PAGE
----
Putting People First: Why Philanthropic Sponsorships are Working
During a time when so many are hurting, major brands are turning to philanthropy. Reddit’s co-founder Alexis Ohanian donated out-of-home ad space in Time Square to encourage social distancing. Coca-Cola has turned over their social media accounts (with over 112 million followers) to organizations fighting COVID-19. Disney Parks has donated 150,000 rain ponchos and 100,000 facemasks to hospitals and medical workers. Hershey has pulled advertisements where the subjects aren’t practicing social distancing, and Hyundai has reinstated their “assurance job loss protection” which aims to ease the financial burden of car payments for up to six months for those who have recently lost their job.
From donating resources to spreading awareness, brands are stepping up to do their part. But aside from the humanitarian reasons for these acts, what are brands gaining from this goodwill?
What Is Giving, Giving Brands?
Many marketers will tell you that there isn’t a way to quantify the impact of these sponsorships. “Brand awareness is key right now!” strategists will say, “You won’t know the sales impact of these sponsorships for months–maybe years.” And they’re right that brand awareness IS key. But it’s also important to track the real purchase outcomes of these efforts as they are unfolding. This may sound strange–we’re in the middle of a pandemic! Why should we care about how an advertisement performs? Because being able to track the sales impact of your advertisements and sponsorships can indicate whether you’re reaching your customers–and without reaching your customers, you’ll be unable to impart vital information, such as the importance and impact of social distancing, to consumers who are ever more in need of guidance from those they trust. Often, that’s their favorite brands.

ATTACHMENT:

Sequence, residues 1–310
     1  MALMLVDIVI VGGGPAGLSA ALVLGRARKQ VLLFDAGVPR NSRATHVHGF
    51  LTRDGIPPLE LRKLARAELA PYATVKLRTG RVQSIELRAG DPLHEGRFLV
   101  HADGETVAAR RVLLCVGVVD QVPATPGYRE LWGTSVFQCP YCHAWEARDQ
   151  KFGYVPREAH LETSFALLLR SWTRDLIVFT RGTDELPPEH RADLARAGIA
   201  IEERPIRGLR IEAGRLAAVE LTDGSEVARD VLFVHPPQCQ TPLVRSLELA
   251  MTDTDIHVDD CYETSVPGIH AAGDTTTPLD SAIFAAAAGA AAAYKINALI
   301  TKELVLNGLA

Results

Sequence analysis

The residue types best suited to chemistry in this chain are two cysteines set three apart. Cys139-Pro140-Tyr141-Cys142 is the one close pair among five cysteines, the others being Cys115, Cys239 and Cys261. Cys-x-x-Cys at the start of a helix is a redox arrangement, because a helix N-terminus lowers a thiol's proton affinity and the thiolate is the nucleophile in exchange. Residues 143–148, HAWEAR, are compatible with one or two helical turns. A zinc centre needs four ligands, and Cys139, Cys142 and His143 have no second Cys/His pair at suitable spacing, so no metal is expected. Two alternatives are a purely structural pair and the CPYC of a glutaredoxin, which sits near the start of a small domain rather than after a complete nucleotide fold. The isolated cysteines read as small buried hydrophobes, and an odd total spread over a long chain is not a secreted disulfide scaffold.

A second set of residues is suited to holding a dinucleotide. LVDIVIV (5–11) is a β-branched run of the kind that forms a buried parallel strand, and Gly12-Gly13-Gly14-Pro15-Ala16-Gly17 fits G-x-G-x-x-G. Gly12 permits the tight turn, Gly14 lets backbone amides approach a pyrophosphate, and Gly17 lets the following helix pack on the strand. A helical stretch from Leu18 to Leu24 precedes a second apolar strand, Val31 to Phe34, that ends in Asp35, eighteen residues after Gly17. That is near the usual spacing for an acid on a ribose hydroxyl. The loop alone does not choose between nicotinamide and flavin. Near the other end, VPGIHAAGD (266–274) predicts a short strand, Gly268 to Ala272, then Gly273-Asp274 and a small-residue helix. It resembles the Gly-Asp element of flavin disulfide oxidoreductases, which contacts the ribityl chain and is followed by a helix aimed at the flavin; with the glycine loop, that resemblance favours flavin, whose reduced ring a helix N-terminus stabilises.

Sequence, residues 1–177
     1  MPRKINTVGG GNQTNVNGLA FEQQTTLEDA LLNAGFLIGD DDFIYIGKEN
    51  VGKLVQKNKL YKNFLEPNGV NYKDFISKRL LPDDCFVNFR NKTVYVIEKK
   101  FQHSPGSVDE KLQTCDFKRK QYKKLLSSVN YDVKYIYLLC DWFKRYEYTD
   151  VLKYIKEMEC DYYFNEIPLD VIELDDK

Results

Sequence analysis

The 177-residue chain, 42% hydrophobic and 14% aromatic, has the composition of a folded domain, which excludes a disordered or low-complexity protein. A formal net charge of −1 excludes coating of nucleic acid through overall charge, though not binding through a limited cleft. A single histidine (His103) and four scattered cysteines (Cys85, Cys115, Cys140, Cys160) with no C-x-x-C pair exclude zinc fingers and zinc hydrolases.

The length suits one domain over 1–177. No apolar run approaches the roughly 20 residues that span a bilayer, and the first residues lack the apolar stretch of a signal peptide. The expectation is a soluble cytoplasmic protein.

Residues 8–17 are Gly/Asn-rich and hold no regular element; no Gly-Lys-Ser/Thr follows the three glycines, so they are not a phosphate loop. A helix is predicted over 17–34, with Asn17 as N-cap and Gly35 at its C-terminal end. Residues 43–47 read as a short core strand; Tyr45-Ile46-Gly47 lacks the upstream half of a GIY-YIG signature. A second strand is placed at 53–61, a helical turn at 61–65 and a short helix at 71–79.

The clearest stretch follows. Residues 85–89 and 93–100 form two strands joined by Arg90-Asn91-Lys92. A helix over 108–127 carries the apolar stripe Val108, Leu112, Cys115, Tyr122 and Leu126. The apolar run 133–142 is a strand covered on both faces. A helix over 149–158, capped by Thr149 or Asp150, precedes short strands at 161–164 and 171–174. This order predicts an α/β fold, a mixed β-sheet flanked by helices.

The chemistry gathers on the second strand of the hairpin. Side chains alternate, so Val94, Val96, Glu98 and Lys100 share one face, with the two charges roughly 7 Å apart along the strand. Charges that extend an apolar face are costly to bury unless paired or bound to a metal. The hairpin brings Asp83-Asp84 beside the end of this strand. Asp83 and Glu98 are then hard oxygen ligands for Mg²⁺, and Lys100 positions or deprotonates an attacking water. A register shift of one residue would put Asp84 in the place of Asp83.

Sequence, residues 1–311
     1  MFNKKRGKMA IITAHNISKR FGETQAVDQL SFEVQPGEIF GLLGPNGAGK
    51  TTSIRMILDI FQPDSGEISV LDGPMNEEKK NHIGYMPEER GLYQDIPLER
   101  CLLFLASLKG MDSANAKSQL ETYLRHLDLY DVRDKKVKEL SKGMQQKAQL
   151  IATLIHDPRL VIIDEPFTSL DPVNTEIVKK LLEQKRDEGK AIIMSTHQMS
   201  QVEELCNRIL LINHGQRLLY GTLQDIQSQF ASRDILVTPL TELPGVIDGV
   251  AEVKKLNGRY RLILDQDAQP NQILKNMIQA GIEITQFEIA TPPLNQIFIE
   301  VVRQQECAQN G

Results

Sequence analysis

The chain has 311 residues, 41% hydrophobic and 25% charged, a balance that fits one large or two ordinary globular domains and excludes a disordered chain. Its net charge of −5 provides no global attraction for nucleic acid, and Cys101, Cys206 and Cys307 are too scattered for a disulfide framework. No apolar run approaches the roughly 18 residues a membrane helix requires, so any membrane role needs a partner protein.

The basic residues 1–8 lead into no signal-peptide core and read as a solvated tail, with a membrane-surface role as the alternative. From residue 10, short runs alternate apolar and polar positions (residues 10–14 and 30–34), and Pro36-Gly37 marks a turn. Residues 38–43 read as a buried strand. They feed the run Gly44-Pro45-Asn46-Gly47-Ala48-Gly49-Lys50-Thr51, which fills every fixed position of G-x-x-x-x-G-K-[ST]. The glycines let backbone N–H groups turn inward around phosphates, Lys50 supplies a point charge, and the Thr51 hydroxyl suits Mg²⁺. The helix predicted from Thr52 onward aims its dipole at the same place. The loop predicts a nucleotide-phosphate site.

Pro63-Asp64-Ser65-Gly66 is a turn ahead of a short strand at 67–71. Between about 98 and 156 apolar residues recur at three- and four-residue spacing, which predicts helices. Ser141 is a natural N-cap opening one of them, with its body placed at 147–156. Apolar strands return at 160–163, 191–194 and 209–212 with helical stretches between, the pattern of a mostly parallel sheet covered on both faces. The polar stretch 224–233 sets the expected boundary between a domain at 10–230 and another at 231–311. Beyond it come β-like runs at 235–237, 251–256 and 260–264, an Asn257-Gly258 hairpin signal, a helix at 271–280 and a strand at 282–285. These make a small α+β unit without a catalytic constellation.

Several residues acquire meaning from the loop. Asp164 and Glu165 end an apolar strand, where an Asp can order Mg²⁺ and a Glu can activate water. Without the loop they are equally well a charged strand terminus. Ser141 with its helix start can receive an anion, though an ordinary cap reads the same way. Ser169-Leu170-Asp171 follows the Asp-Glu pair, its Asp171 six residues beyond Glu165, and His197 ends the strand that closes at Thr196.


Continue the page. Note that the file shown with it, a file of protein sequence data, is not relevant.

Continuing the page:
What is Purchase Attribution?
But how are brands supposed to track the impact of sponsorships? Traditionally, marketers have looked to top-of-funnel and middle-of-funnel metrics to assess the performance of ad campaigns. With the onset of purchase attribution technology, brands are now able to assess exactly how a sponsorship campaign contributed to their bottom line. For instance, if 300 hurried New Yorkers on the way to the grocery store walked through Times Square and looked up to see a billboard thanking medical personnel, purchase attribution technology can tell you what sales lift that activation created for the sponsoring brand. By assessing whether a sponsorship contributed to a lift in sales, marketers will be able to discern whether the sponsorship was successful. Purchase attribution technology is able to help marketers answer questions about ad placement, branding, and messaging in ways that other marketing metrics cannot.
With brands joining the fight against COVID-19 and with many consumers self-isolating or social distancing, it’s now more important than ever to be able to track offline purchases to ensure that sponsorships are making the right impact during this critical period in our history.
Want to Learn More?
Download our whitepaper, “The Most Important Sponsorship Metric You Have Never Seen” here.